Apert Syndrome Treatment & Management

Updated: Aug 16, 2022
  • Author: Grace W Guo, MD; Chief Editor: Maria Descartes, MD  more...
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Medical Care

Medical management of Apert syndrome includes the following: [25]

  • Protection of the cornea

    • Instill lubricating bland ointments in the eyes at bedtime to protect corneas from desiccation

    • Artificial teardrops during the day

  • Upper airway obstruction during the neonatal period

    • Remove excessive nasal secretions

    • Treat upper airway infection

    • Humidification with added oxygen

    • Judicious use of topic nasal decongestants

  • Sleep apnea

    • Polysomography (a sleep recording of multiple physiologic variables), currently the most reliable method for determining the presence of sleep apnea

    • Continuous positive pressure

  • Chronic middle ear effusion associated with bilateral conductive hearing deficit - Antimicrobial therapy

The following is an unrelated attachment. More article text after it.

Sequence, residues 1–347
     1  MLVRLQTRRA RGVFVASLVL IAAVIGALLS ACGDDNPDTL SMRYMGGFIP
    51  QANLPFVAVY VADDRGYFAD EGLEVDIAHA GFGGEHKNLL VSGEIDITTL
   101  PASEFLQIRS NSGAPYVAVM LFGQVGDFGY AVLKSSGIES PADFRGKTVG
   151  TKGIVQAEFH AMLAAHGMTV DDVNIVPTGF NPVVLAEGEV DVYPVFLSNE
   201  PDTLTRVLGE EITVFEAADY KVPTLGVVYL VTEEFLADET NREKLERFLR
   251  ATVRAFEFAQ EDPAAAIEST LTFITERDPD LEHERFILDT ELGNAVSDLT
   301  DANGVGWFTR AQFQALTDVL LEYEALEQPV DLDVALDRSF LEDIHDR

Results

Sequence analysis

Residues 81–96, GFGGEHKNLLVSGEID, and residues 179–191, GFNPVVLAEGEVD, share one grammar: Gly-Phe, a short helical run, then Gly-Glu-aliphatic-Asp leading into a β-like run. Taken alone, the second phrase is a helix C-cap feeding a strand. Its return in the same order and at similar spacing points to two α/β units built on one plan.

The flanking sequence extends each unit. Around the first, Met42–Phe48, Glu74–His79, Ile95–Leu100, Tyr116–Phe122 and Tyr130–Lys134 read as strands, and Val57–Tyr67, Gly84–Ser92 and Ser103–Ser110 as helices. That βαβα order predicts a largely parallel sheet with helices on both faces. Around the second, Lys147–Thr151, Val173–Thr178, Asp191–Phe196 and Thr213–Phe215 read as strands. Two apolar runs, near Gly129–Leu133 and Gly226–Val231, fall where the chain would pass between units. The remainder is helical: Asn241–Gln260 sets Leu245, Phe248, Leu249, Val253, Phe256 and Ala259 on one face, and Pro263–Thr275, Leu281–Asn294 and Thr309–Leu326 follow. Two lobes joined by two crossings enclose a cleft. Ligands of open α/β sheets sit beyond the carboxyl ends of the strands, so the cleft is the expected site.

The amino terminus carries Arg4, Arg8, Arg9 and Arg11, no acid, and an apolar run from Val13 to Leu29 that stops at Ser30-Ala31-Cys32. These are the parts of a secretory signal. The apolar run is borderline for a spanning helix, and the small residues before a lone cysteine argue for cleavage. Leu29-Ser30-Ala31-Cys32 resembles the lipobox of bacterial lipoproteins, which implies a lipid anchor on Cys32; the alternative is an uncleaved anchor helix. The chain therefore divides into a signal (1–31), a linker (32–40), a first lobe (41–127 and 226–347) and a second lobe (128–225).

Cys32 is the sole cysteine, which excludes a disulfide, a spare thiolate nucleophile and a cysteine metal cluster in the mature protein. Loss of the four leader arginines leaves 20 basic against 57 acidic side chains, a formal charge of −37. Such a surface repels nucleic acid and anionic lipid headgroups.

• Psychological and social challenges confronted by individuals with Apert syndrome

    • Emotional adjustment

    • Body image development

    • Impact of surgery and hospitalization on children with Apert syndrome


Surgical Care

Surgical management of Apert syndrome includes the following:

  • Protection of the cornea: Lateral or medial tarsorrhaphy is performed in severe cases to narrow the palpebral fissure cosmetically and to protect the corneas and the vision.

  • Upper airway obstruction during the neonatal period: This rarely requires orotracheal intubation.

  • Sleep apnea: Tracheostomy is indicated in severely affected children.